• Fresh Views

    8 Tips to Take Into 2022 With You

    Taking a memory into 2022 of a beautiful sunset on Hilton Head Island, SC

    What the New Year brings to you will depend a great deal on what you bring to the New Year. – Vern McClellan

    WHO ARE WE? 

    In this new year, if you are new to our blog, we are solution-focused diabetes care and education specialists. We are passionate about doing diabetes care and education differently. Too much of life is spent focusing on problems. Instead, we believe in turning attention to possibilities, opportunities, and a fresh vision for the future. We see the benefit in stepping alongside our clients as “think partners” to focus on what’s important to them, what’s already going well, and build upon that to reach their goals so that they may live life to the fullest. We invite you to join us in doing the same if this is a new paradigm for you. We are advocates for person-centered, strengths-based language, and believe that self-compassion is essential when living with a chronic condition. 

    OUR MISSION

    As we welcome the new year, our Mission continues to be that We guide healthcare professionals in taking a solution-focused approach to practice to enable clients with diabetes to embrace possibilities, opportunities, and a fresh vision for the future.

    Our interest and passion around taking a solution-focused approach to practice (and life), means acknowledging what has gone well, acknowledging how that success was achieved, then identifying how to do more of that and build upon that moving forward.

    8 TIPS TO TAKE INTO 2022 WITH YOU:

    With the start of the new year we’ve been doing alot of reflection. We’ve pondered what has gone well for us, how we were able to achieve that, and how we can build on that. Today we’re sharing  8 tips that we’re taking into 2022 with us and we challenge you to do the same as well as share with your clients:

    1. Make yourself a priority once in a while. It’s not selfish. It’s necessary. Skimping on personal needs can be harmful to our overall well-being. When we don’t put ourselves first and take care of ourselves, certain mental and physical risks can develop and lead down an unhealthy path.
    1. Smile often and laugh more. Finding humor and laughter in the everyday world is a key opportunity to reduce stress. It can also decrease anxiety, fear, and help people cope with challenging situations. Personally, we often feel rejuvenated and ready to face the world again after a good belly laugh or a few silly moments. Suddenly the weight of the world is lifted off our shoulders. Learn more in our blog here.    
    1. Learn something new. Many studies show that learning new skills is a way to improve your life. Learning something new can even tie in with #1 above. It may be an “excuse” you need for some “me time”. An appointment with yourself – so to speak – and a break from work or family. Our big “learning something new” in the new year is learning how to host a podcast! Stay tuned, more to come on that!
    1. Take a daily gratitude walk. As you walk, reflect on and express gratitude for what you are thankful for in the day. It can help you feel less stressed and focus on the good. Find other tips to get started with daily gratitude practice in oru blog here.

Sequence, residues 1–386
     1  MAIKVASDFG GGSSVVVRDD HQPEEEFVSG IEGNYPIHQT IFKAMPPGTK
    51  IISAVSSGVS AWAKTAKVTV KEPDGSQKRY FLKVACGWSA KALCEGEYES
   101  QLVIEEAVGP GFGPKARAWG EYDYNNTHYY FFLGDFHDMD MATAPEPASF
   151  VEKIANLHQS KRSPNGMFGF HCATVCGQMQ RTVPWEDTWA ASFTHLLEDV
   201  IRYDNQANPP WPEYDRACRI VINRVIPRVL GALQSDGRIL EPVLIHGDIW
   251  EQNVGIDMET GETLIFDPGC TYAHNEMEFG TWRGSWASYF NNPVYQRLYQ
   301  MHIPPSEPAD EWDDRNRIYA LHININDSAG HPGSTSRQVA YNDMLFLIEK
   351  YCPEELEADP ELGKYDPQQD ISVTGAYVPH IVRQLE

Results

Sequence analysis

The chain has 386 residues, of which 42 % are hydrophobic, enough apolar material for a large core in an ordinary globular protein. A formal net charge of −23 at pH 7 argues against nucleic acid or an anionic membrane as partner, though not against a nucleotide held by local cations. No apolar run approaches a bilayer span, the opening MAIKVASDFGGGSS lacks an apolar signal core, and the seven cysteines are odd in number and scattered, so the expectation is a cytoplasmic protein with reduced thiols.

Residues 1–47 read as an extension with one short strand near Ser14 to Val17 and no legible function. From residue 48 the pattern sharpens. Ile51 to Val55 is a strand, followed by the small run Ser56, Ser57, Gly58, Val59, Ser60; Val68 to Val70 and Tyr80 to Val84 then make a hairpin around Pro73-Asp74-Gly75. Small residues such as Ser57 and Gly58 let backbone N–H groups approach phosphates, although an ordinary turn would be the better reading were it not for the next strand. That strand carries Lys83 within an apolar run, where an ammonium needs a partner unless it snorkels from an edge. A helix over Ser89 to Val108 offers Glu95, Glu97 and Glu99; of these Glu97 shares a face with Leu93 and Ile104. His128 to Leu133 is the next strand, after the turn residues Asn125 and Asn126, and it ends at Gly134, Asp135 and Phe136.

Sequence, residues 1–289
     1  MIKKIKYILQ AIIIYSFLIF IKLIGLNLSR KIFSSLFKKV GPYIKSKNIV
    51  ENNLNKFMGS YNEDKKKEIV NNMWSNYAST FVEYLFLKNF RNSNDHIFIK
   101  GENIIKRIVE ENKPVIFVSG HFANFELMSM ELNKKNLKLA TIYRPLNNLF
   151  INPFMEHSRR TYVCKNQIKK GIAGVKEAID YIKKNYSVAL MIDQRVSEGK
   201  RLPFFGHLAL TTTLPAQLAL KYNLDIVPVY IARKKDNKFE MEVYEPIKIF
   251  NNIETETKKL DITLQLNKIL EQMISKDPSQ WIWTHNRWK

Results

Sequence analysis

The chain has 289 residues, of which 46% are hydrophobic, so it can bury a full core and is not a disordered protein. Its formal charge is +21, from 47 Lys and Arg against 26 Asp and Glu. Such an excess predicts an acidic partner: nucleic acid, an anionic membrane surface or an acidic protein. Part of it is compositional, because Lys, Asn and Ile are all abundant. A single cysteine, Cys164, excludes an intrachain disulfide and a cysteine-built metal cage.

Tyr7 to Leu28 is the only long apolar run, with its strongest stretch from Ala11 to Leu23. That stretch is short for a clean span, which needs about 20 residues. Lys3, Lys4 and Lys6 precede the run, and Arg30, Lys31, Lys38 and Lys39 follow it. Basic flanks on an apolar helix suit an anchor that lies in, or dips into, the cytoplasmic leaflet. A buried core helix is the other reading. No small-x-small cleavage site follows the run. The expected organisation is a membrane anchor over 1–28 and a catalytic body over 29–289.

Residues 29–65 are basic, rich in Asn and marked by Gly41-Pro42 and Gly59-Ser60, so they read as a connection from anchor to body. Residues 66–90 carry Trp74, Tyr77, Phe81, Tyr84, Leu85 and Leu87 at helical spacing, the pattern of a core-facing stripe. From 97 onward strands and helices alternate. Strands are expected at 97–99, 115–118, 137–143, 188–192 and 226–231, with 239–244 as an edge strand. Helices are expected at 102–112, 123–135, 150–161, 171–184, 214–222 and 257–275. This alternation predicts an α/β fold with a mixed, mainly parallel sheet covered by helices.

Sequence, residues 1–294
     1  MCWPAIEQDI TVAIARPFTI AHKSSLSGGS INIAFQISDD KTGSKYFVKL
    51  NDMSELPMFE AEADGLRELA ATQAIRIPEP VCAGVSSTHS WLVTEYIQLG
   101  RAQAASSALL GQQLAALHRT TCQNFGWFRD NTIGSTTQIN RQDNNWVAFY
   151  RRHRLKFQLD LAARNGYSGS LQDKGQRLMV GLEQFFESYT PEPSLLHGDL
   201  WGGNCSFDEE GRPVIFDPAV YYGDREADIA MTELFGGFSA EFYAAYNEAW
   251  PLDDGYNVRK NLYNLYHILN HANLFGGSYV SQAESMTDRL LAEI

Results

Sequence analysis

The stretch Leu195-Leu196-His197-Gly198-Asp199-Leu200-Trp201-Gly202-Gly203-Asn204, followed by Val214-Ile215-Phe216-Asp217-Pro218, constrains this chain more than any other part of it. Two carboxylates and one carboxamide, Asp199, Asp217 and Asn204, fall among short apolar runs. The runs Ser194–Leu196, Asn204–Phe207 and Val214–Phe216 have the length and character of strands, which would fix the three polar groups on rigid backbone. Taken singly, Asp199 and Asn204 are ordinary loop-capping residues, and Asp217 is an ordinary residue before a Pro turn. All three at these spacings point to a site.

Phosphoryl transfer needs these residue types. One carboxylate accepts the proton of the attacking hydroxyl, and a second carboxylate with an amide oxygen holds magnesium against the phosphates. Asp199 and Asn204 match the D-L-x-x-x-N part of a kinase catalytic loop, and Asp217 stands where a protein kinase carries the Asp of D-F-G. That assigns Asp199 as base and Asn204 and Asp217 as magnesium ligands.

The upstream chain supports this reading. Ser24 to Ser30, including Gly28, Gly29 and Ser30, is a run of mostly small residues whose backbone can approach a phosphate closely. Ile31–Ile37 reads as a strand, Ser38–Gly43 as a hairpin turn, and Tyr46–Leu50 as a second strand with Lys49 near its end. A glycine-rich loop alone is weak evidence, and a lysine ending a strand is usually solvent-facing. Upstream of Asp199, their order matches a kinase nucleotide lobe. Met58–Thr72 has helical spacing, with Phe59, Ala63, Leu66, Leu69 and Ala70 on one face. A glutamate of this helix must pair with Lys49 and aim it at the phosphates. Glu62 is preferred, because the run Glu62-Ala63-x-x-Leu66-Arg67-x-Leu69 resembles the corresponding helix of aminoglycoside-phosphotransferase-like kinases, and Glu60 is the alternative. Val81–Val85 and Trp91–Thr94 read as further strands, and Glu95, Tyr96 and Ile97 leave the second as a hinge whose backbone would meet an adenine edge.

1. Talk positive to yourself, instead of listening to yourself. Rather than listening to your mind’s fears, doubts, and complaints, speak to yourself with words of affirmation and encouragement. Learn more about the power of self-acceptance and helping cultivate it in others in our blog here, and positive affirmations here.
    1. Focus on “get to” rather than “have to” each day.  It’s not about what we have to do. It’s about what we get to do. It’s easy to act as if we don’t have a choice, but in reality we DO have a choice on a great many things in life. We can choose our attitude, our actions, and how we view life. 
    1. Remember your “WHY”. Remember WHY you do what you do. When we forget the WHY, it’s easy to get burnt out.
    1. Look for ways to serve and care. Referring back to #2, smiling is an easy way to show you care and takes nothing but a little effort.  Maybe it’s helping someone achieve their goals or shovel their walk (this is top of mind for Tami as we write with 6-inches of snow outside her window). Think about it, if we do one act of kindness each day of the year, that can change 365 lives! 

    We were hoping to add “Travel whenever possible” to this list since we both were avid travelers before the pandemic. But not this year with yet another Covid-19 surge. So we’ll save that one for next year (fingers crossed)! 

    WHAT’S TO COME? 

    Throughout 2021 we launched a series of posts related to applying a solution-focused approach to diabetes technology. What will we write about in 2022? To start off, we will be sharing practical tips to transform primary care visits by incorporating solution-focused tactics to support diabetes management.

    We hope that  2022 will be kinder to all of us and that together we can learn how to help people with diabetes live their best life!

    We welcome anyone interested in our approach to Subscribe to our blog and we’ll email you when a new post is published!

    If you are a health care professional and interested in learning more about our solution-focused practice and approach, when you subscribe to our blog, we’ll send you in return a FREE resource of 10 Solution-Focused Questions to start a solution-focused discussion with your clients. 

    Follow us on Twitter and Instagram @AFreshPOVforYou

    Deb is employed by Dexcom, but her words and opinions in this blog are her own.